Wednesday, 29 November 2006

Broad not narrow

Jesus' words about sticking with the narrow gate are about entering the kingdom, and they risk getting distorted when applied to politics. It seems to me far better for Christians to be broad in politics. But we struggle to do it. In America, the Christian Coalition has booted out its new leader before he got started. Joel Hunter wanted to broaden the group's focus to look at both 'right' and 'left' issues—AIDS as well as abortion, poverty as well as sexual morality, global warming alongside . I don't know all the details, but it seems to me a shame.
To boast a little, Australian Christians are moving ahead of the US on this one. The 'About Us' page of the Australian Christian Lobby website still sounds very 'family values', but the group has worked hard in recent times to broaden its focus so that in the corridors of power it can represent Christians across the political spectrum. A quick look at their news and articles will see commentary and proposals on cloning, aboriginal health, business ethics, family wellbeing, and international poverty. This has got to be healthy for a Christian political vision that minimises its blindspots and represents Christ in all his fullness.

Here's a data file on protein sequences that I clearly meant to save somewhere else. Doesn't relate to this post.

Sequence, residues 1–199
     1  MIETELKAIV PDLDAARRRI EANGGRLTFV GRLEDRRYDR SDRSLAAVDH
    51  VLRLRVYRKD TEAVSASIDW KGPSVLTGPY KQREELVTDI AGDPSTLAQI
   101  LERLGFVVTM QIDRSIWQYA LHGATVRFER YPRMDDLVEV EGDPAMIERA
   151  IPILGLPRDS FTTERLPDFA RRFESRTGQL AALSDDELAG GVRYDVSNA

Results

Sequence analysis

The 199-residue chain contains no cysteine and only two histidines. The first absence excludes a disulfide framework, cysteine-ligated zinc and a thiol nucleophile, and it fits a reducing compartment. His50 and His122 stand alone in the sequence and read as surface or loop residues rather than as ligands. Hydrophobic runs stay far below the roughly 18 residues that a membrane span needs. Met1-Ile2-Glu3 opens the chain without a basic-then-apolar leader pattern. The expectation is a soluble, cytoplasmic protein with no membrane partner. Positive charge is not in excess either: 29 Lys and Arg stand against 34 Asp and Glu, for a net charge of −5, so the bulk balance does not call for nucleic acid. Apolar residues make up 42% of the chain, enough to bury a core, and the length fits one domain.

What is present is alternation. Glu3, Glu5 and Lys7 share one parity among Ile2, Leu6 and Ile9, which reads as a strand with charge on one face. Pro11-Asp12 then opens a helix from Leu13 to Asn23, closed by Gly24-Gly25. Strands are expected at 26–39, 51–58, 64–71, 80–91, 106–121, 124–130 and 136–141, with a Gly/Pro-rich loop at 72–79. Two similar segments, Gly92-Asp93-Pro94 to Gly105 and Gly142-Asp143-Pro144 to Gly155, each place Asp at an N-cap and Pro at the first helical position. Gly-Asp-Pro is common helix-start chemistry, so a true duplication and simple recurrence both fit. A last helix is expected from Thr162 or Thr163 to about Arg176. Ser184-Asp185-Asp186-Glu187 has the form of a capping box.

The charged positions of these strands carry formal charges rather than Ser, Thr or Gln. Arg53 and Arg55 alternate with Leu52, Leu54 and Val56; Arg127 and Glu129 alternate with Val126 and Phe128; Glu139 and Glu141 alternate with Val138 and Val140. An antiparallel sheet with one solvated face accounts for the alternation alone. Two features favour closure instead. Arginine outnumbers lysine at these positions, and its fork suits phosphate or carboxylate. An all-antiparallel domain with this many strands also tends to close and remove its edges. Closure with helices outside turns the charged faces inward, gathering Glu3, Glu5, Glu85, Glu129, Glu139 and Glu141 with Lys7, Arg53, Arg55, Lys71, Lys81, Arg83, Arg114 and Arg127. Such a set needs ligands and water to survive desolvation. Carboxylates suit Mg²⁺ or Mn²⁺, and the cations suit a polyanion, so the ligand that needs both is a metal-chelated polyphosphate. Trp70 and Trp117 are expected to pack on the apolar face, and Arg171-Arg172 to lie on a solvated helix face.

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4 comments:

byron said...

Good news re ACL. My impression is that they are still trying to work out what they stand for. And unfortunately in Sydney Anglican circles they have a slightly confusing acronym...

byron said...

Was Joel Hunter pushed or did he jump? See here. Looks like a bit of both.

cyberpastor said...

Good to hear. It is about time some distinction was made between Christian political virtues and middle-class consumerism.

Georgina said...

Even though the bill for therapeutic cloning went through, I was heartened to read on the Herald website: Prime Minister John Howard and new Labor leader Kevin Rudd both spoke against the bill before it passed the House of Representatives last night.